Retailers are governed by their leases in terms of exclusions and deductions from sales, which are then subject to rent as a percentage of sales, and each lease is different, Lamy explained. This often results in errors, such as reducing reported sales when the store refunds an online purchase or failing to report buy online, pick up in store (BOPIS) sales, a very common occurrence in 2020.

“There’s a true lack of transparency in place so there’s not a full understanding on the part of the landlord as to what’s really occurring,” he said. “And you only get that transparency through auditing the store to capture the various buckets of revenue and activity that’s occurred. Without transparency, there’s no understanding, insight, diagnosis or ability to develop a prescriptive action to take for a solution.”

Most leases requiring tenants to pay a percentage of sales as rent also provide auditing rights to landlords, whose fiduciary responsibility to partners, investors, shareholders, etc., will guide them to implement a formal, ongoing sales verification process. Thus, the data derived from a Q1 2021 audit of full-year 2020 sales will help the landlord make informed decisions in 2021.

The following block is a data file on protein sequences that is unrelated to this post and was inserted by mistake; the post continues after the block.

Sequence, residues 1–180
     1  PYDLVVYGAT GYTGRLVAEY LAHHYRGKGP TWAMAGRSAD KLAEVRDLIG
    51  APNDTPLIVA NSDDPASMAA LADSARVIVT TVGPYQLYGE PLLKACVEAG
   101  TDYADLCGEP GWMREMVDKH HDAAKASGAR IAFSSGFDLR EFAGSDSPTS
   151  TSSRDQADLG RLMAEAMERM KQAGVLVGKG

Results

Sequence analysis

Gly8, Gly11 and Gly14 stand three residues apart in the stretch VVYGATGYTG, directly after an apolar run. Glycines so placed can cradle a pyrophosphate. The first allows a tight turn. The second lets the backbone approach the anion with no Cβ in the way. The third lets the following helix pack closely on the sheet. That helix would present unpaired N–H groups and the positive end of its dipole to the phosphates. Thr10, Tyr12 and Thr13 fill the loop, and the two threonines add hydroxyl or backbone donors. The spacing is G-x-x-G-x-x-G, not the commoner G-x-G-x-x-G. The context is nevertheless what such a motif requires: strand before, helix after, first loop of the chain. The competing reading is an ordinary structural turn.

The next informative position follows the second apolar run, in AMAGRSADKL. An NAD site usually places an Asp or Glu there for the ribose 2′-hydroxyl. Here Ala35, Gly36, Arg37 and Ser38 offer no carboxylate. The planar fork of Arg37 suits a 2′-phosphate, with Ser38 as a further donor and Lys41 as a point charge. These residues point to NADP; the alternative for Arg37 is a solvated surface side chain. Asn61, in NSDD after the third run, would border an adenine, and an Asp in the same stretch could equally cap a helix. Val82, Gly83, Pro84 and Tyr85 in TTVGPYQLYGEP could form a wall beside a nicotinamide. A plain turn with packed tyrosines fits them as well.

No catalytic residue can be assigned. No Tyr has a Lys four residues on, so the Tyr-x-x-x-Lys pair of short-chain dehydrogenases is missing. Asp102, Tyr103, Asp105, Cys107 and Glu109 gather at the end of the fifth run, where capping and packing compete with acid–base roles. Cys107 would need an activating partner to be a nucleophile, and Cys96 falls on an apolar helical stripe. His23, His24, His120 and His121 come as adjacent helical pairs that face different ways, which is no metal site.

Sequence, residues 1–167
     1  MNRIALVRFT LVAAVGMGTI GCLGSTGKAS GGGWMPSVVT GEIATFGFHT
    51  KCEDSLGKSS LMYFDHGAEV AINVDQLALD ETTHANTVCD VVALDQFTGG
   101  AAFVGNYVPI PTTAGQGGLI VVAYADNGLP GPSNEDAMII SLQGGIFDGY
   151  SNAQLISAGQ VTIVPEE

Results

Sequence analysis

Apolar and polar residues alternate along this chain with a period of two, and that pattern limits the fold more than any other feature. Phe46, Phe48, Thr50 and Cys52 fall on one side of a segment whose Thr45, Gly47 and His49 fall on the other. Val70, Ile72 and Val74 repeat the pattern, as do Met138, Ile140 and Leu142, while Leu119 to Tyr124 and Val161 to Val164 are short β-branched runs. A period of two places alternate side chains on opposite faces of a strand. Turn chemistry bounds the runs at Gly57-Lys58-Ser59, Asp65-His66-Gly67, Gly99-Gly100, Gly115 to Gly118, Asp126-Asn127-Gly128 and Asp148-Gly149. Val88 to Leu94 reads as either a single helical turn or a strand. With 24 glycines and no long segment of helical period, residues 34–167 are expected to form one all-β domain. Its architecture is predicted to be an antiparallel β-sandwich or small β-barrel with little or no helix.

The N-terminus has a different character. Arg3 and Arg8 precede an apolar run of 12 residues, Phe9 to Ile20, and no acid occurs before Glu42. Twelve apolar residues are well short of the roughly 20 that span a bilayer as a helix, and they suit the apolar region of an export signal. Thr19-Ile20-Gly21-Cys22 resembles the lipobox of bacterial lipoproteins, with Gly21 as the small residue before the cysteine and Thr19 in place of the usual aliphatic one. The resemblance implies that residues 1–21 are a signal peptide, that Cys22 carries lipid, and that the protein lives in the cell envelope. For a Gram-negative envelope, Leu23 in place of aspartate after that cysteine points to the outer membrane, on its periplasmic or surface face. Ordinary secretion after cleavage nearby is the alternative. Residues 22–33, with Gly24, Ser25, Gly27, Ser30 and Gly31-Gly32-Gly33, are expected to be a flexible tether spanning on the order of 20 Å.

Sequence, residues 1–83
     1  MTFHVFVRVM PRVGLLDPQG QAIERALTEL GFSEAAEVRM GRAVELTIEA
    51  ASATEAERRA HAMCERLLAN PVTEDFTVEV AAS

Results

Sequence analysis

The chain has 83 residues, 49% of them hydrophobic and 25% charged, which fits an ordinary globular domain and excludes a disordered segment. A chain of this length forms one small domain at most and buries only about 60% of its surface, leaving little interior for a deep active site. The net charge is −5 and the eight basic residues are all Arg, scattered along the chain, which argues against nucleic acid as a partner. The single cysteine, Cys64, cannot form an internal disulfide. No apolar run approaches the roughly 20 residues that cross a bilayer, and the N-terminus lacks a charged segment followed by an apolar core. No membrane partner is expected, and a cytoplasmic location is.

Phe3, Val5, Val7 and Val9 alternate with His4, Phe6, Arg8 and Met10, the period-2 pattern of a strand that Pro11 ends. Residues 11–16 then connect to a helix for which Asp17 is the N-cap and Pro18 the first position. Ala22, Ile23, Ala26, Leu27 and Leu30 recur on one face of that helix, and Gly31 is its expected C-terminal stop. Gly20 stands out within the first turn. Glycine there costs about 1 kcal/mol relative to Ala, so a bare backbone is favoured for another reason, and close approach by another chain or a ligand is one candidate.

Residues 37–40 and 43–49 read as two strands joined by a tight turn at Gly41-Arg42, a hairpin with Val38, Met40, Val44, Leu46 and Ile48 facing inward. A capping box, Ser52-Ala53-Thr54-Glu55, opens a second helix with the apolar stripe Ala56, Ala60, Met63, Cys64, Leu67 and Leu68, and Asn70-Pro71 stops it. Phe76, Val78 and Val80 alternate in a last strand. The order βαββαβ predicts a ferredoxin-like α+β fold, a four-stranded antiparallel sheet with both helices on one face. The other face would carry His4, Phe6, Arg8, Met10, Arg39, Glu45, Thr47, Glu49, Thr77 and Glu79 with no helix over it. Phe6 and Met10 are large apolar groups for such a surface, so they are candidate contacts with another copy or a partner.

“Landlords will need a complete sales audit of a sampling of retailers in every category to help project rental income for 2021 and beyond,” Lamy observed.

Landlords need retailers’ rents to pay their own mortgages, operating costs and taxes, and want their tenants to succeed, said Lamy, who for decades has worked with major retail REITS, private owners and investors to interpret patterns of retail sales. But this holiday season is a true challenge.

“Though we don’t know the damage holiday online shopping will have on retailers’ physical stores, landlords will never know without independent auditing and sales verification,” he said. “The landlord needs to plan and allocate resources for an active audit program in 2021 to verify sales of stores of all sizes and types, from mom-and-pop stores to chain stores to major anchors. A proactive audit program to verify a sampling of stores of all sizes and types is the only way to understand what occurred in 2020 and the holiday season, so we can prepare for what we pray is a happier and healthier 2021.”

About The Lamy Group
The Lamy Group is an international financial management consulting firm of certified public accountants, MBAs and other professionals. Founder, President and CEO Kenneth S. Lamy, CRRP, CRX is an instructor and volunteer for the International Council of Shopping Centers (ICSC) and other CRE trade associations for more than 30 years. The Lamy Group specializes in customized financial retail sales, compliance and specialty examinations (tenant sales audits/revenue share/data verification) programs, ancillary revenue audits, early terminations, utility audits, retail property and sales analytics, restaurant financial operations consulting including leasing consulting and related compliance programs for clients. Clients include owners, developers, managers, publicly-traded real estate investment trusts (REITs), realty advisors and institutional investors throughout North America, the Caribbean and Mexico.

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Debra Hazel